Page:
During the alcoholic fermentation the wine-must is transformed into actual wine, the sugars in the must transform into ethanol and carbon dioxide. The temperature of the liquid (the term “wine” isn’t used at this stage, as during the alcoholic fermentation the liquid is somewhere between must and wine) is controlled throughout this process. For white or rosé wine the ideal temperature range is 12-17 °C, whereas the target for red wines is 24-25 °C.
Fermentation is a biological process which generates heat, but the role of the winemaker is to keep this under control. The cooler the temperature of the liquid during fermentation, the slower the yeasts multiply and the slower a must ferments. And the slower the fermentation, the more aromas and flavours are preserved.
In the case of red wine the skins remain in contact with the liquid throughout the alcoholic fermentation, which allows the maceration to continue. Maceration is the organic process where the colour, tannins & flavour compounds are extracted from the skins and seeds. This is avoided in the case of white or rosé wines, if a maceration process was permitted with white skins the result would be an “orange” wine, such as Quinta dos Vales “Dialog Secretum”.
The lids of the stainless-steel vats remain open throughout the alcoholic fermentation, as fermentation is a biochemical process which creates CO2, and this needs to escape. Also in the case of red wines the skins naturally rise during the alcoholic fermentation to the top, which requires an ongoing stirring process, thereby bringing movement into the liquid, and creating a more balanced flavour and colour extraction.
Besides permanent density measurements the winemakers have another easily visible indicator of a completed fermentation. CO2 is no longer being produced, this results in the skins, seeds and pulp sinking to the bottom of the stainless-steel vat, rather than sitting on the very top, as is the case during an ongoing alcoholic fermentation.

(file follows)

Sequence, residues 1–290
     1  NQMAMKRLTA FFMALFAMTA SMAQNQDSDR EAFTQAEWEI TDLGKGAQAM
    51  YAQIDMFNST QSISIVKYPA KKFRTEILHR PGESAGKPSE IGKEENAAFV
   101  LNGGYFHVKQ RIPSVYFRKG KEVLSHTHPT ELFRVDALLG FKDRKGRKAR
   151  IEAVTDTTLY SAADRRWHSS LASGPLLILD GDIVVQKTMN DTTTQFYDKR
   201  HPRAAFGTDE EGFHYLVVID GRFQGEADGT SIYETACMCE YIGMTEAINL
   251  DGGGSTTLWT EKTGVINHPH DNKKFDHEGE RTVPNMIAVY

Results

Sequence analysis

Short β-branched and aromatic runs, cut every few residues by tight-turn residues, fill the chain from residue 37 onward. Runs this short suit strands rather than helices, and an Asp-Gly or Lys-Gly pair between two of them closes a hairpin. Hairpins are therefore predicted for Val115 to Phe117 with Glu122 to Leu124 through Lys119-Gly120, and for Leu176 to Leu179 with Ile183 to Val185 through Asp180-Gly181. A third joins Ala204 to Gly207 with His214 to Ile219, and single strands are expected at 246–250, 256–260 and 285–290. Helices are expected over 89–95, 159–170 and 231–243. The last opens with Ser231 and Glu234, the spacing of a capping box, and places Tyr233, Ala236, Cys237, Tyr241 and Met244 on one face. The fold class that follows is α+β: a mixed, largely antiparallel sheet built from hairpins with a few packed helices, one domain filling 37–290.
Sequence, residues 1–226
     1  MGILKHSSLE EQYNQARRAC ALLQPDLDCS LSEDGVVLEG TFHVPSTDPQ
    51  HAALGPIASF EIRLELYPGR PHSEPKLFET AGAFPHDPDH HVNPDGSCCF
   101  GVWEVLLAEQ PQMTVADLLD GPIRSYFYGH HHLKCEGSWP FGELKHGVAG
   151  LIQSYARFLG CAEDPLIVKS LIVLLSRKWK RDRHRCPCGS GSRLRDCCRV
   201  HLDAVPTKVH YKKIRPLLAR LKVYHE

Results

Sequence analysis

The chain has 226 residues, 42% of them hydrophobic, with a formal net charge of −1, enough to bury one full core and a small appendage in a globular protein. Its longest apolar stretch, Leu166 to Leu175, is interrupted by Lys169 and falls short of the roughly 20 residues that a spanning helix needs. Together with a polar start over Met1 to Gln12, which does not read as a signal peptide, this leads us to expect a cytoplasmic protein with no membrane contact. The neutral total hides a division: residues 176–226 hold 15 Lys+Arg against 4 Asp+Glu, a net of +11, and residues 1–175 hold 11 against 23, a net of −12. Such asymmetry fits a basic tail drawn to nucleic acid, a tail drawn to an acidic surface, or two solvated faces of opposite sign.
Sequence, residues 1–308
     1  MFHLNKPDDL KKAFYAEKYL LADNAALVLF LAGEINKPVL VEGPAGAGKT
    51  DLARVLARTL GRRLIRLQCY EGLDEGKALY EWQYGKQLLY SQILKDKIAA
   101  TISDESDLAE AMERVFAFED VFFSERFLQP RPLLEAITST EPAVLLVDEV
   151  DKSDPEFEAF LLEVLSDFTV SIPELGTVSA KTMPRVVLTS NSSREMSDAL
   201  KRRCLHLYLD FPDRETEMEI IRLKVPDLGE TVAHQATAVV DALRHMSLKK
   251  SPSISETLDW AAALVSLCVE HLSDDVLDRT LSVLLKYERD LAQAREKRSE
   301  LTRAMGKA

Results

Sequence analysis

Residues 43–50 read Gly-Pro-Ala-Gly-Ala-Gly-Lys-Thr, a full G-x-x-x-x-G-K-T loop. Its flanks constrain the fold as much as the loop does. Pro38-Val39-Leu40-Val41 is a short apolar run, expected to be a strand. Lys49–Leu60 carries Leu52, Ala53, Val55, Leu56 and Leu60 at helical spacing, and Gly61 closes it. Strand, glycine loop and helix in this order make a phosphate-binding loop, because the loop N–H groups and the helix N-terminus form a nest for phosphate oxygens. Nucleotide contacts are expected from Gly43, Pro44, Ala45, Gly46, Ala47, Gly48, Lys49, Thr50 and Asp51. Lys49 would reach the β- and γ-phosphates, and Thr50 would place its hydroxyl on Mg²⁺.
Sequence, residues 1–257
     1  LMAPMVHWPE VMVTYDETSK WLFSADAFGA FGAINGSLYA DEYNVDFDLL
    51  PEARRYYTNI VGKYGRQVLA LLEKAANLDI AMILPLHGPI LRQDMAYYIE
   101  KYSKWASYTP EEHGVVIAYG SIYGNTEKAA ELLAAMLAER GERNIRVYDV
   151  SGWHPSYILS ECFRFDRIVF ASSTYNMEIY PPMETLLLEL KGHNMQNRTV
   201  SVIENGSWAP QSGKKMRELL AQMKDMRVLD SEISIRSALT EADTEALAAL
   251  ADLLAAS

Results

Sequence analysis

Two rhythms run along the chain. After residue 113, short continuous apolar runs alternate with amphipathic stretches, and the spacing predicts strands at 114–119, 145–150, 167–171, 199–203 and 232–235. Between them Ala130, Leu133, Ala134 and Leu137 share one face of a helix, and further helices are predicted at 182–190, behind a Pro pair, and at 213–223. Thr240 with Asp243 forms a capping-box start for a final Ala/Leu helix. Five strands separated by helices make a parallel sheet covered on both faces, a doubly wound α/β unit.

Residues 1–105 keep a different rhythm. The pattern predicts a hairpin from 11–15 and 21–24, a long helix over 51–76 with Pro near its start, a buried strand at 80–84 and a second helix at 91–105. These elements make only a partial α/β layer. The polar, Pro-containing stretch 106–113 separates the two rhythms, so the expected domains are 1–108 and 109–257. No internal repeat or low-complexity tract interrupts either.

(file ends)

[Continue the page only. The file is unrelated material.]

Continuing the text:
Once the alcoholic fermentation has ended the wine (post-fermentation it is already a wine) needs to be kept separated from oxygen, which is done by use of pressurised lids.
Most white and rosé wines do not undergo a second fermentation while red wines will now start a second fermentation process, the malolactic fermentation, whereby harsher malic acids are converted into softer lactic acids.
For the Private Wine-makers of Quinta dos Vales this is a time of anxious waiting, as only after the malolactic fermentation (which can take up to two months) the real quality of the wine becomes apparent. There are already 18 such Private Wine-makers at Quinta dos Vales, who participate in the project The Winemaker Experience, which aims to turn wine-lovers into wine-makers. Each participant owns an individual parcel of vineyard, and they are guided through the full wine-production process by the winery’s team, encouraged to take each and every production-related decision themselves, all the while being able to rely on the consultancy of Quinta dos Vales’ winemaking team.